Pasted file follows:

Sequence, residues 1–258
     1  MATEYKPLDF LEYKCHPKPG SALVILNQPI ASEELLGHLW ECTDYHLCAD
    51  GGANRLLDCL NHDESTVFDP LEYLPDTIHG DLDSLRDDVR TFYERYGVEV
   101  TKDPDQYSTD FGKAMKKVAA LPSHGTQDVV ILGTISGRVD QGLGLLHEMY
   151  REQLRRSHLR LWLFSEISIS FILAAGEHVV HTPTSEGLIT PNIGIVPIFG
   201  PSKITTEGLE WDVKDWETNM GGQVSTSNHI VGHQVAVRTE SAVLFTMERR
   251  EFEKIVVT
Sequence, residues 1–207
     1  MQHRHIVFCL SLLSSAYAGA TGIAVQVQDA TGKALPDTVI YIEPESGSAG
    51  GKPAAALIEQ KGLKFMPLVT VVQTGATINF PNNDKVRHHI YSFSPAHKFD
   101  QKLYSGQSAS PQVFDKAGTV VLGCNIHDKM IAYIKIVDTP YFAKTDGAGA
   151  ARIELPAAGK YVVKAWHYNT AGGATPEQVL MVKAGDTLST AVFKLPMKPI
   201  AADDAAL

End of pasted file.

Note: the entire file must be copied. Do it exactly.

Sequence, residues 1–258
     1  MATEYKPLDF LEYKCHPKPG SALVILNQPI ASEELLGHLW ECTDYHLCAD
    51  GGANRLLDCL NHDESTVFDP LEYLPDTIHG DLDSLRDDVR TFYERYGVEV
   101  TKDPDQYSTD FGKAMKKVAA LPSHGTQDVV ILGTISGRVD QGLGLLHEMY
   151  REQLRRSHLR LWLFSEISIS FILAAGEHVV HTPTSEGLIT PNIGIVPIFG
   201  PSKITTEGLE WDVKDWETNM GGQVSTSNHI VGHQVAVRTE SAVLFTMERR
   251  EFEKIVVT
Sequence, residues 1–207
     1  MQHRHIVFCL SLLSSAYAGA TGIAVQVQDA TGKALPDTVI YIEPESGSAG
    51  GKPAAALIEQ KGLKFMPLVT VVQTGATINF PNNDKVRHHI YSFSPAHKFD
   101  QKLYSGQSAS PQVFDKAGTV VLGCNIHDKM IAYIKIVDTP YFAKTDGAGA
   151  ARIELPAAGK YVVKAWHYNT AGGATPEQVL MVKAGDTLST AVFKLPMKPI
   201  AADDAAL